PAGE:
Sacrilege of She. © Alexandra Gallagher for Wellcome Collection.

‘Sacrilege of She’.

Misogyny has always been the most socially acceptable hatred… more often than not, just seen as a bit of a joke.

Men who murder out of it are not viewed as representatives of a deep-seated, institutional blindness to the essential humanity, rights of and wellbeing of women. They are excused and explained away as weirdos and anomalies. Their hatred of women, their desire to do harm to their bodies, either physically or sexually, is simply not taken seriously. It’s not even seen as hatred and, most often, it is considered to have been provoked in the first place.

And, let’s face it, when a crowd of grieving women don’t do what they’re told, it’s pretty easy to throw them to the ground, physically restrain them and cart them away. I mean, that’s how it’s always been, hasn’t it? Do what you’re told, or I’ll give you a smack.

So, if even the police do not recognise women’s right to protest the threat of violence and harassment under which they continually live, then who does? Who will?

Digital montage artwork using elements from  the work of 16th century female baroque painter Artemisia Gentileschi, combined with other imagery and illustrative elements. The artwork is set within a circle. The image shows a bearded man, partially clothed, lying on his back with his head twisted to the viewer. He is being held down by two women, one of whom is pushing his head down with her left hand whilst seemingly cutting his throat with the sword in her right hand. Arcs of blood are spraying out from his neck. His face is partially obscure by overlaid colourful flowers. No the shoulders of one of the woman are two black crow-like birds. There is a thin white line which meanders and zig-zags from the face of one of the women, down her arm, around the sword hilt and back up the arm of the other woman, around her head.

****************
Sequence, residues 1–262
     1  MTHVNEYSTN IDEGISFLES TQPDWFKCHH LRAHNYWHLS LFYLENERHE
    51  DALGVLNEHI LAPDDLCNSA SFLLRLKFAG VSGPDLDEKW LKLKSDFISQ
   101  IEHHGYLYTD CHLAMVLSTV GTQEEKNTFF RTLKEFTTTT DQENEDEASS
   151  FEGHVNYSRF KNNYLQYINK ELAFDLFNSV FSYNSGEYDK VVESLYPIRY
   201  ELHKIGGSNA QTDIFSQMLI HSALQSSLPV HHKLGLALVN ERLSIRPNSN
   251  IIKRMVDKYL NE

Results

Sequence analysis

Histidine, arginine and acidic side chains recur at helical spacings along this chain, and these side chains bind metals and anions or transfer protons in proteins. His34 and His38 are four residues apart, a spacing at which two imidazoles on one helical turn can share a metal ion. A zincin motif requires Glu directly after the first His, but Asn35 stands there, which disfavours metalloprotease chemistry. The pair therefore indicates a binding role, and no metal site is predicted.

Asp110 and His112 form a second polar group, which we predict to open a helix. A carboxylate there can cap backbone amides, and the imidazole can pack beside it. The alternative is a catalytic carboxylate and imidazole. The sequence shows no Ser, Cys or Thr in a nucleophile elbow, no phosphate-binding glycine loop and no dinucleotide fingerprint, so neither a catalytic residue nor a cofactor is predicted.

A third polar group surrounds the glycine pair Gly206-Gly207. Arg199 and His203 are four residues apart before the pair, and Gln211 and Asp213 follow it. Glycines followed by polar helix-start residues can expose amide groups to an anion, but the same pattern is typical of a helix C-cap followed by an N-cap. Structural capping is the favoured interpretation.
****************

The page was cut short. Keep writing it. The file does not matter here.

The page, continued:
Turn Inside Out and Swallow Whole. © Alexandra Gallagher for Wellcome Collection.

‘Turn Inside Out and Swallow Whole’.

A war is being waged on women

In the weeks after Sarah Everard’s murder, the World Health Organization published a report stating that one in three women globally experience physical or sexual violence during their lifetimes. That’s about 736 million women’s bodies that have been subjected to violence. That is 736 million women’s lives that have been for ever changed by violence and by a violence that can be inflicted upon them solely because they are women. We didn’t start a war, but a war is being waged on us, nonetheless.

Staying indoors is not the answer – most of it happens in there anyway. The outdoor life isn’t for us either, it seems – not according to the police – while in the media, online, everywhere we can be seen and heard, we are just inviting our own abuse and silencing, apparently. The willingness to passively accept this as the status quo for women is a stain on contemporary society and an affront to human dignity.

So then, to all those who have never been bothered to seriously think about the cancerous implications of misogyny for women, either individually or collectively, or for our society as a whole, I have a question. Two questions.

If you, as a person of flesh and blood, thought and feeling, who doesn’t want to be murdered or raped, who doesn’t want to be hurt or humiliated, or live in the constant fear of it simply for inhabiting the body you do, who doesn’t want to have to rear your daughters into the expectation of eventually joining this endless malevolent cycle or your sons to feel eternally implicated in its perpetuation, in short, if you were us, women, what would you do? And what are you going to do now?

Something Out of Place’ is out now.

About the contributors

Black and white photograph of Eimear McBride

Eimear McBride

Author

Eimear McBride is the author of three novels: ‘Strange Hotel’, ‘The Lesser Bohemians’ and ‘A Girl is a Half-formed Thing’. She held the inaugural Creative Fellowship at the Beckett Research Centre, University of Reading, and is the recipient of the Women’s Prize for Fiction, Goldsmiths Prize, James Tait Black Memorial Prize and the Irish Novel of the Year Award. She lives in London.

Photographic black and white, head and shoulders portrait of Alexandra Gallagher.

Alexandra Gallagher

Artist

Alexandra Gallagher is an award-winning British multidisciplinary artist whose work takes the form of collage, street art, prints, photography and painting. Her work celebrates the surreal and sublime. ­Working between the realms of memory, dreams and experience, her work looks beyond our subjective limits and often tells a story of inner imagination and thought. In 2016 she was awarded the Saatchi Showdown Surrealism Second Place Winner and the Secret Art Prize Runner-Up Winner. More recently she was a London Contemporary Art Prize 2018 finalist and shortlisted for the Rise Art Prize.